• slider image
  • slider image
  • slider image
  • slider image
1 / 0

New Hyundai Santa Fe vs Renault Koleos comparison

19th May 2014 8:10 pm

The new Hyundai Santa Fe SUV takes on the recently-updated Renault Koleos.

AD

What’s new?

Both Renault and Hyundai have not-so-fond memories of selling premium SUVs in India. Hyundai originally started with the Tucson, which was an impressive little soft-roader but never really wooed buyers. Even the previous-generation Santa Fe didn’t find many buyers. Renault’s Koleos has been on sale in India for more than two years and it has had around the same measure of success. But, demand for premium SUVs is steadily growing and the brand new Santa Fe and the updated Koleos are proof of that.

The latest Santa Fe looks nothing like its predecessor and that’s a good thing. Out go the mundane lines of the older car and in comes a fresh, bold new look. The combination of muscular SUV lines, immense road presence, a torquey diesel and Hyundai’s efficient aftersales service and dealer network, makes the Santa Fe a very tempting buy. But, priced at a hefty Rs 29 lakh for this top-of-the-line diesel automatic, it is a full Rs 3 lakh more expensive than the Renault Koleos.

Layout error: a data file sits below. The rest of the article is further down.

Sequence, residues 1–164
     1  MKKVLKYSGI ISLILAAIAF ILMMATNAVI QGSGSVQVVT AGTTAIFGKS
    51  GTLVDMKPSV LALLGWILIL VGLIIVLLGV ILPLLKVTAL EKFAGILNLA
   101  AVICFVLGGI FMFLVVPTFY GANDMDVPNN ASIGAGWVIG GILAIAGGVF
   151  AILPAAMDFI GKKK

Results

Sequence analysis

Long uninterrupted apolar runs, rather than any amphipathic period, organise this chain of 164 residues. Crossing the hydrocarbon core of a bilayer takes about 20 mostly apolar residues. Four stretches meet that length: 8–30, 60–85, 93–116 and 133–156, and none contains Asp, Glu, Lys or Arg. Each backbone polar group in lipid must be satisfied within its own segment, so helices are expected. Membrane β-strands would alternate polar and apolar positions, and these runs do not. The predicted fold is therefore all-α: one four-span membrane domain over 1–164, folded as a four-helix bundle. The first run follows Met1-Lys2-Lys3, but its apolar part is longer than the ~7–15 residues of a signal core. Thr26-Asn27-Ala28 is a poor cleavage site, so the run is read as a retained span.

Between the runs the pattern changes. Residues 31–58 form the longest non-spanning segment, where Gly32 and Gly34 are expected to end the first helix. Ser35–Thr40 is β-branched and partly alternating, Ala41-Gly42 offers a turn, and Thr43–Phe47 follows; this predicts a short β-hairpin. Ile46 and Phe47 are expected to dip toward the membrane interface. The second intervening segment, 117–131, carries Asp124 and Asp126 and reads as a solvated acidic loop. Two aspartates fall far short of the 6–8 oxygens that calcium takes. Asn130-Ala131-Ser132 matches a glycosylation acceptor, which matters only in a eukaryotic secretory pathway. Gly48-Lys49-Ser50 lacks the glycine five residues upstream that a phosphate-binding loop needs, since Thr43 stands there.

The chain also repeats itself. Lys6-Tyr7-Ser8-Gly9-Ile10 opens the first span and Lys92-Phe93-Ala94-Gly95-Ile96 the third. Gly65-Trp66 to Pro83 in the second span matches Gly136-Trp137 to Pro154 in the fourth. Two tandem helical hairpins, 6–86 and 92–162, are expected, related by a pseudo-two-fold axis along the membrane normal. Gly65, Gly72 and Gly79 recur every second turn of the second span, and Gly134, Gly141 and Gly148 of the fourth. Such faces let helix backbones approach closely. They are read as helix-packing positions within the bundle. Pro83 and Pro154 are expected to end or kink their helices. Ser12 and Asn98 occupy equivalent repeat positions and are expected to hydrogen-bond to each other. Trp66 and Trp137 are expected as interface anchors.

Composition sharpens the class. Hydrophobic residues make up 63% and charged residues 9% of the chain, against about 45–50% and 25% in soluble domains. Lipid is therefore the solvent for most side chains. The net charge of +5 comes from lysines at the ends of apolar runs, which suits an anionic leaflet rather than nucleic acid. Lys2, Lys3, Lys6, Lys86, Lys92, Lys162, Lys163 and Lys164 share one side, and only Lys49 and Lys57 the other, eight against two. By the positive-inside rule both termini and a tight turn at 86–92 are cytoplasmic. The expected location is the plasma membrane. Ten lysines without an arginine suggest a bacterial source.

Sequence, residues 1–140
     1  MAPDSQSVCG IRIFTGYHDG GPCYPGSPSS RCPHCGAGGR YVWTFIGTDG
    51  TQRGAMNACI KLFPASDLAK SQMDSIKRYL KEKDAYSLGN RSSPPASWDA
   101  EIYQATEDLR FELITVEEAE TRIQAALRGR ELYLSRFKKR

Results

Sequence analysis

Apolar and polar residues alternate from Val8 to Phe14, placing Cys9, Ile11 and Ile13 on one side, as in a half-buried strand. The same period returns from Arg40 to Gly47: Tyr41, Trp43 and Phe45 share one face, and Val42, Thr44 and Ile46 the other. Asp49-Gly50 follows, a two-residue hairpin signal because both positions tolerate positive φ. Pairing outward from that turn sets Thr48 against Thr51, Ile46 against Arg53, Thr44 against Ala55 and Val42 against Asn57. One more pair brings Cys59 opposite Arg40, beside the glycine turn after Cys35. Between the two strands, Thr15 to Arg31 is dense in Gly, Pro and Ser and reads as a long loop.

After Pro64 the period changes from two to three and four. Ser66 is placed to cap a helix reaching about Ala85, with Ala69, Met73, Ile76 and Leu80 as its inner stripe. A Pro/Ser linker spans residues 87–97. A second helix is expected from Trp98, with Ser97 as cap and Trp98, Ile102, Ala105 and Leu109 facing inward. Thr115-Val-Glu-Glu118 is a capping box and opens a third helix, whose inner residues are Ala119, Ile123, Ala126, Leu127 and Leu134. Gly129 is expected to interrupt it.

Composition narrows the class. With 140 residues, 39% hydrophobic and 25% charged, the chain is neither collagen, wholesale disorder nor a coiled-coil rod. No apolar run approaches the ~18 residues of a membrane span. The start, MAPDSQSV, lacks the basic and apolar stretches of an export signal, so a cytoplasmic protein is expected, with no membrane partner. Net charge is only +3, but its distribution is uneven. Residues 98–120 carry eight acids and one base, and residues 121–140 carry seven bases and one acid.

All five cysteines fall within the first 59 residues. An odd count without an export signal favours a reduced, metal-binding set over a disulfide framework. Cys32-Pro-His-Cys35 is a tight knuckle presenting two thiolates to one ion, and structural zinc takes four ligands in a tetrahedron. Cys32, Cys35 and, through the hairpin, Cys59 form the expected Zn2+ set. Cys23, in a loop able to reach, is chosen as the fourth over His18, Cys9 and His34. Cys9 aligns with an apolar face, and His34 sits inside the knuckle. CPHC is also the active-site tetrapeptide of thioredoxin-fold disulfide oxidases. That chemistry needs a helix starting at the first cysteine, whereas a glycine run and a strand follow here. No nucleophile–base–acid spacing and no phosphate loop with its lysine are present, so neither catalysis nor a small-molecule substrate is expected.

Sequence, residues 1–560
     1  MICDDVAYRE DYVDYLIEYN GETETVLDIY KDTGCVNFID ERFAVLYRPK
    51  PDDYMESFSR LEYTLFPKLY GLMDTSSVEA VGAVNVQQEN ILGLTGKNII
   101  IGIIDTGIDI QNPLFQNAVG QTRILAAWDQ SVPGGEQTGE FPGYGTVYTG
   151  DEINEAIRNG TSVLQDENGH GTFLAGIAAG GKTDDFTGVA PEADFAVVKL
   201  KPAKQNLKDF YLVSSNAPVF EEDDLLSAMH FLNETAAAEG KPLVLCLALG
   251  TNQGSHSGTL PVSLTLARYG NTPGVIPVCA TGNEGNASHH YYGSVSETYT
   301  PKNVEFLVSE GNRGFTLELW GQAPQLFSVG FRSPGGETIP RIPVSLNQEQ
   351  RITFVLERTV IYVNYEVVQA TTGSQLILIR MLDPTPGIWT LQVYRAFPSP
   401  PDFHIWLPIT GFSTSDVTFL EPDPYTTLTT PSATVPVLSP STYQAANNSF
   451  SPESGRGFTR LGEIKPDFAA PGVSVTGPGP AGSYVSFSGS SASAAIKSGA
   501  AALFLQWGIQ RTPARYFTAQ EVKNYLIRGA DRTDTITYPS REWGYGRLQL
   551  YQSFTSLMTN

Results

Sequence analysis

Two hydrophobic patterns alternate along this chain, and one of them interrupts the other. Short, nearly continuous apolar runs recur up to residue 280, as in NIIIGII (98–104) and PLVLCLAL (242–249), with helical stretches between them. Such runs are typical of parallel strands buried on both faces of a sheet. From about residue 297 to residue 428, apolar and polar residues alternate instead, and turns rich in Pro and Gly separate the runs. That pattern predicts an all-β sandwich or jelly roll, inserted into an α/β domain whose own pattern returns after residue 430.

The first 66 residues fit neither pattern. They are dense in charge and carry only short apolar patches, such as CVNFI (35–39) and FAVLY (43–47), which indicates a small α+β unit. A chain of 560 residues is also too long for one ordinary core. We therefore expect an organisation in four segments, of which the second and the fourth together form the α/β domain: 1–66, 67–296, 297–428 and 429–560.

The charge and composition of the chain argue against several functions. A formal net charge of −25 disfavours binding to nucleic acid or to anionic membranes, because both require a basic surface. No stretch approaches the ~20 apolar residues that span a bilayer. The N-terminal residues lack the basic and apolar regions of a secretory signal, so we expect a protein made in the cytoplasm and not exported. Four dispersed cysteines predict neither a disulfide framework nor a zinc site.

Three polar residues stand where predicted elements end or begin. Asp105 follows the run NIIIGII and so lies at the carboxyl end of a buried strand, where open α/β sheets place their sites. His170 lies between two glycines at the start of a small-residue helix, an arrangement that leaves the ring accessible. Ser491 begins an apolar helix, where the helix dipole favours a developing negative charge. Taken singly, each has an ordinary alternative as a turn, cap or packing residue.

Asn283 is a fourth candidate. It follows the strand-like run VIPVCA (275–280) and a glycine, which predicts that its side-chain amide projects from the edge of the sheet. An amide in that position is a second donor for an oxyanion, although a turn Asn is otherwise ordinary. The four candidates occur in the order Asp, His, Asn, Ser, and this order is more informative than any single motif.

The Renault Koleos has always been a strong contender in this segment and, with the recent facelift, it has become more desirable. It doesn’t have the Santa Fe’s modern flair as far as looks are concerned and it hasn’t been as successful. But it’s got its fundamentals right, like its good driving dynamics and spacious cabin. The updated engine now makes more power too. The fact that it’s cheaper than the Hyundai only adds to its overall appeal.

But which SUV is the best? Should you pay more for more or pay less for less? That’s the big SUV-sized question.

What are they like to drive?

With powerful four-cylinder engines under the hood, these SUVs have more than adequate power to offer. On paper, it’s the Santa Fe that’s way more powerful than the Koleos, and this gives it a big advantage. Powered by a 2.2-litre four-cylinder motor that makes a healthy 194bhp, the Santa Fe’s engine is supremely smooth and sounds so sweet – you could easily mistake it for a petrol-powered car. There’s only a hint of diesel motor rattle, very little vibration, and even when you rev it, it never sounds harsh.